The Hives maintain unique sound
November 29, 2007
Howlin’ Pelle Almqvist, The Hives’ eccentric and out of control front man, never seems to shut up. From shouting, “Tick, tick, tick, tick, boom!” on their explosive new single, to hollering “Giddy up!” on a tune of the same title, Almqvist never gives your ears a break. Yet, when The Hives’ latest, The Black and White Album, has finally torn through your iPod, your brain will crave more.
The Hives have always been about bashing snares, crack-induced hooks, catchy-as-hell guitar riffs and cocky-yet-charming attitude. Their first two albums followed this format exactly, helping drive the garage rock revival that paved the way for bands like The Strokes and The White Stripes to gain a foreground in the music biz. The Hives never seemed to accomplish enough to join their comrades; their music was just too repetitive for most. With The Black and White Album, The Hives have finally crafted an album that experiments and deviates enough from their usual format, but not enough to lose their trademark sound. The result is a happy medium for past fans, new fans and club hitters alike.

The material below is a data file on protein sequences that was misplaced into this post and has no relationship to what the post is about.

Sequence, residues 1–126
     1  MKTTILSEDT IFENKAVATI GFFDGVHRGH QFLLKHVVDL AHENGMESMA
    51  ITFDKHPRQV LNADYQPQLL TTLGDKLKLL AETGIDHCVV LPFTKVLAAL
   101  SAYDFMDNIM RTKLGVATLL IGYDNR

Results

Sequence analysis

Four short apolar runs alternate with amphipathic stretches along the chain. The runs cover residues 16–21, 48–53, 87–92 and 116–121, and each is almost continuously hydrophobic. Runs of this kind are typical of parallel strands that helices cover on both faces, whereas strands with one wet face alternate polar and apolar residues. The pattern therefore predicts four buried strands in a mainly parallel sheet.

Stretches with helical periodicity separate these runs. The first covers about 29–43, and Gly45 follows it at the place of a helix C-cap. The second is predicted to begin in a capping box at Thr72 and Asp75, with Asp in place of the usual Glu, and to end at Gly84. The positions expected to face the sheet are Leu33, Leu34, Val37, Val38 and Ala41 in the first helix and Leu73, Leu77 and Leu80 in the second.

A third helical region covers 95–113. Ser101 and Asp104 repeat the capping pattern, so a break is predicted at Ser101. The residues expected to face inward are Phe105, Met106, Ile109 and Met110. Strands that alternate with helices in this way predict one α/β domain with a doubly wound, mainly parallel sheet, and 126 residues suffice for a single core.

Faithful fans will notice what’s different first. The Hives have expanded, toyed and mixed up just about everything they’ve become known for. The riffs are there, the hooks are there, and the everlasting sound of Chris Dangerous’ drums are intact, but now they give more variety. “Try It Again” gives smooth vibes under Almqvist, who shouts, “You get up, you get down and you try it again!” while what sounds like high school cheerleaders scream along side with him. “A Stroll Through Hive Manor” is a short instrumental of keyboards and synthesizers that sounds like it was taken from an episode of Scooby-Doo, just as the ghost appears behind the Mystery Machine. Even big time producer Pharrell got infected by The Hives and contributed to “T.H.E.H.I.V.E.S.,” a strong dance number that brings in ‘70s funk, bass grooves and high falsettos.
Dance rock seems to invade The Hives more frequently than not this time around. Instead of steady drum-beats, there are swing-like conga drums that rectify “Well All Right!” “Giddy Up!” could have been stolen from any old school rapper, and “Won’t Be Long” sounds like Radiohead covering the 80s classic, “Turning Japanese.” As strange as all of this new-found experimentation sounds, The Hives still retain their dignity by not straying too far from the original formula. “Bigger Hole To Fill” has enough clashing and banging to suit any garage rock fan, “Square One Here I Come” is reminiscent of the power rock of KISS melting with quick jabs of The Ramones, and there can’t be any complaints when “You Dress Up For Armageddon” takes a cue from classic alternative rock like The Clash. The Hives look like they have taken a place in music, and it’s only a matter of time before Almqvist starts to invade your ear drums. Catch the disease.
Matthew Loosbrock is a student at UW-River Falls.